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Gaming Commission approves licensing for Resorts World Las Vegas

With just over a month left before Resorts World Las Vegas opens its doors, operators of the first from-the-ground-up Strip resort to open in more than a decade cleared an important hurdle Thursday: the licensing of parent company Genting Berhad PTD and top officers managing the company.

Members of the Nevada Gaming Commission voted unanimously and enthusiastically to endorse the $4.3 billion, 3,506-room Strip resort that has become a symbol of Southern Nevada’s rebound from the COVID-19 pandemic.

Commissioners questioned Genting Chairman Kok Thay (KT) Lim in Kuala Lumpur, Malaysia — where it was around 4 a.m. Friday — in a virtual hearing and Resorts World President Scott Sibella and his local leadership team in Las Vegas.

Thursday’s session was expected to be the last one before commissioners and the Nevada Gaming Control Board begin meeting live for the first time since March 2020.

It was also the last meeting for Commissioner Deborah Fuetsch, who confirmed Tuesday that she is resigning from the five-member commission. She ended up making the motion to approve the Resorts World licensing.

For Genting and Resorts World, it was smooth sailing through the hourlong hearing.

Lim, Sibella and Chief Financial Officer Poy Yong Koh answered commission questions in a presentation similar to the one Genting made before the Nevada Gaming Control Board.

Executives talked about the building’s technology; the company’s relationship with Hilton that will provide three brands, Hilton, Conrad and Crockfords; the 117,000-square-foot casino with 1,400 slot machines and 117 table games; the 300,000 square feet of meeting space; the two levels of retail with 22 stores; and a 5,000-seat performance venue that will open with Celine Dion in November.

Charitable nature

Commissioners also asked for details about Genting’s charitable side, how technology will provide greater air flow in the building and what’s in store for the rest of the land available on the 88-acre site.

Lim told commissioners that Genting has a long history of donating to charities through a program it calls Community Chest. He said he expects giving in Las Vegas to be robust because Resorts World Las Vegas will be Genting’s largest operation in the United States.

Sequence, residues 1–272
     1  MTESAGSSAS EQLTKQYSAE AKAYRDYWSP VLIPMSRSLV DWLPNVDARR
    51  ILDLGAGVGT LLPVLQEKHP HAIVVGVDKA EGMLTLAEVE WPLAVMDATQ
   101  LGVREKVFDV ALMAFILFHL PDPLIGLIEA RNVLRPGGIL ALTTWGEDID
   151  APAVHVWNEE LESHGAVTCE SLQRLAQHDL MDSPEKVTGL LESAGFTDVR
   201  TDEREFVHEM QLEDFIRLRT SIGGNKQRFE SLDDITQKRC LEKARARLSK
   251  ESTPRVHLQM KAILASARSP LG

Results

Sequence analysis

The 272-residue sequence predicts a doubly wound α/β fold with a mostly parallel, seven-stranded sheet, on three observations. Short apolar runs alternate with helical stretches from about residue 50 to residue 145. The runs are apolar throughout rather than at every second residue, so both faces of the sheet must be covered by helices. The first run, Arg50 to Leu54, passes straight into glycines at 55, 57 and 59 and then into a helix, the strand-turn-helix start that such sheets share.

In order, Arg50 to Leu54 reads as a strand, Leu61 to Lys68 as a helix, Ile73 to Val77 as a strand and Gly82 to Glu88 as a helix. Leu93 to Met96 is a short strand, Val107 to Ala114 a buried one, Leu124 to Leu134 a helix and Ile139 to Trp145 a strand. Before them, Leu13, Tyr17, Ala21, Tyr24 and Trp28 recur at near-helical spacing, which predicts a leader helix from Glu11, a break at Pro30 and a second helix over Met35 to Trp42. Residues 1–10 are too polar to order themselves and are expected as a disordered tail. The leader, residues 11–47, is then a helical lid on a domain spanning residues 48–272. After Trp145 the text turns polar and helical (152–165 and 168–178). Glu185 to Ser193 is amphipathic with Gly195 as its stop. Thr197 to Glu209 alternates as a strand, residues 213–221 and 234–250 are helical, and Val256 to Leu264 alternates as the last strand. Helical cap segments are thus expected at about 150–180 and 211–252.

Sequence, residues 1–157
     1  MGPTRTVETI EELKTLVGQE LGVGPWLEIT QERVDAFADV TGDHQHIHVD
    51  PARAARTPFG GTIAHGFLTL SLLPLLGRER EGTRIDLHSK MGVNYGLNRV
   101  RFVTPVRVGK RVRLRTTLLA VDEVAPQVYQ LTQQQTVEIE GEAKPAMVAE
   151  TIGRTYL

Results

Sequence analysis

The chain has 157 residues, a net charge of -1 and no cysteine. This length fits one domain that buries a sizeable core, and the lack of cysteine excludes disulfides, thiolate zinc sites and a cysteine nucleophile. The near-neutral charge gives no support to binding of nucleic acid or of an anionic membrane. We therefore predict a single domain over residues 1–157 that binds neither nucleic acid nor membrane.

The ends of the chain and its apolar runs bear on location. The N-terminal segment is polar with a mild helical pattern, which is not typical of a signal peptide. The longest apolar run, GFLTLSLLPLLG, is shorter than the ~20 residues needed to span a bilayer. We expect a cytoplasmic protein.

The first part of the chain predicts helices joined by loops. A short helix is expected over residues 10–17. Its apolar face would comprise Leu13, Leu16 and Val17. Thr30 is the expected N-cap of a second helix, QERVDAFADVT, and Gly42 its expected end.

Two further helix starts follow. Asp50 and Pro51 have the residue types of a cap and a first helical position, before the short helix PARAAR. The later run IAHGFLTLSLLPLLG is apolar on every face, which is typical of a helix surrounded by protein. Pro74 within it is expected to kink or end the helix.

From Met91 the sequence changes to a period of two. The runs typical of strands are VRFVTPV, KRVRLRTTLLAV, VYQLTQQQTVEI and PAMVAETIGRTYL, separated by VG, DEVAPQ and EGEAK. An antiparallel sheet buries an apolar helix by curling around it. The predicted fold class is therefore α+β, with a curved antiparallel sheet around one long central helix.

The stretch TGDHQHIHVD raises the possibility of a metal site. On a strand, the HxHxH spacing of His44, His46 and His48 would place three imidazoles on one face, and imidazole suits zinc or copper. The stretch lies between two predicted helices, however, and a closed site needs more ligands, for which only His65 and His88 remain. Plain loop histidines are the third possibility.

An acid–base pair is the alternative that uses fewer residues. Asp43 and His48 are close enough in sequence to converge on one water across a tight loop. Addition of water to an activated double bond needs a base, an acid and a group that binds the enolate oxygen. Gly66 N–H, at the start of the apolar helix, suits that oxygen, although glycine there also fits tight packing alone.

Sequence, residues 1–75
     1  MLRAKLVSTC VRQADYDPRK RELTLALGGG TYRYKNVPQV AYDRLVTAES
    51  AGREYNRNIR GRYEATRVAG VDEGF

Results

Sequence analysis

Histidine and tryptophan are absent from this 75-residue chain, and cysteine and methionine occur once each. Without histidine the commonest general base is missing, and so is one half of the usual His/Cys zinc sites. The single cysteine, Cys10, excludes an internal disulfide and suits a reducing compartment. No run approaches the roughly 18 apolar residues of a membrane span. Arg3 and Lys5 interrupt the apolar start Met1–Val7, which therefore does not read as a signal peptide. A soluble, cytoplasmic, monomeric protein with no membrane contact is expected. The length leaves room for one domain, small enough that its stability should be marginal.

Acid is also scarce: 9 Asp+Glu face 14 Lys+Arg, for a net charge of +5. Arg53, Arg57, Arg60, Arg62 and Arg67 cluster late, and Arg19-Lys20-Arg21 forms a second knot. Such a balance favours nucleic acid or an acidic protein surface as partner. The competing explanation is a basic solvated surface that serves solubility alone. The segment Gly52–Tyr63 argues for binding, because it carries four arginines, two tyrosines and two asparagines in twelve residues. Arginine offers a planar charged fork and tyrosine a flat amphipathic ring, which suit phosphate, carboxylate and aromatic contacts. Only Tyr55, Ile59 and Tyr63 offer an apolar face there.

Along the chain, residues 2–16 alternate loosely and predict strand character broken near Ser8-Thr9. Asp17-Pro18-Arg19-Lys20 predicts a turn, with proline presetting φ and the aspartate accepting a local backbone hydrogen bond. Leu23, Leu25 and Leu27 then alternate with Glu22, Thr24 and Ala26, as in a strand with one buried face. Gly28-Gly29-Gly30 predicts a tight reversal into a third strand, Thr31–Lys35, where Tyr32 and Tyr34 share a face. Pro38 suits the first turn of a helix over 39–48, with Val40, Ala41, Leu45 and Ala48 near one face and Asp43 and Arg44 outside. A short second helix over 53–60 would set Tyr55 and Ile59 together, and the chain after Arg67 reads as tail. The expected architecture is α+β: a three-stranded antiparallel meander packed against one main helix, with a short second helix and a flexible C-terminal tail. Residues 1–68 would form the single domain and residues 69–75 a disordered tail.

Lim said that in Malaysia, Community Chest is used to boost education. In Las Vegas, he expects the company’s philanthropy will be focused on funding research to find a cure for Alzheimer’s disease.

“This being our largest undertaking in the U.S., of course we have to defer to my local team in terms of coming up with how we’re going to approach the group’s efforts for the benefit of the Vegas community,” Lim said. “We did speak on Alzheimer’s being very close to my heart.”

Sibella later told commissioners that the technology of the Resorts World building will include a top-notch air filtration system.

“Like I mentioned, health and safety was our top priority before the pandemic even happened,” Sibella said. “Working in this industry for so long, we’ve talked about how we want to have the best air quality money can buy. When we set up in this property, there will be no smoke lingering so it’s going to be safe air.”

Sibella also said the company has only built on about two-thirds of the land it has available to it on the north Strip site. When the time is right, he said, more hotel rooms and attractions will be added.

“The chairman’s dream and the company’s goal is to always add rooms,” Sibella told the commission. “We know we have the land and we built purposely with these open areas where we could build more rooms, more attractions and then, of course, COVID hit so we kind of put that on the side and concentrated on getting this in on time and on budget.

“But I think when we get up and running, we’ll always be open to listen to ideas and things like that, but the plan is to add more rooms and create a city within a city and, again, more attractions,” he said.

Entain gets 3-year temporary license

In other business, the commission approved the recommendation made by the Control Board to temporarily license London-based Entain PLC, a British sports wagering company partnering with MGM Resorts International’s BetMGM unit.

Commissioners balked at awarding the permanent licensing Entain had sought, instead allowing a three-year temporary license to enable the company to remove itself from a small number of unregulated markets in which it now operates.

Entain will have until May 2024 to exit existing unregulated markets, mostly in New Zealand. Company officers said its client roster is 99 percent regulated and that the company is exploring the best way to preserve those market agreements or to leave them without legal damage.

Entain Chairman Barry Gibson said the company would continue to partner with MGM, where BetMGM operates in 12 U.S. states.

Contact Richard N. Velotta at rvelotta@reviewjournal.com or 702-477-3893. Follow @RickVelotta on Twitter.

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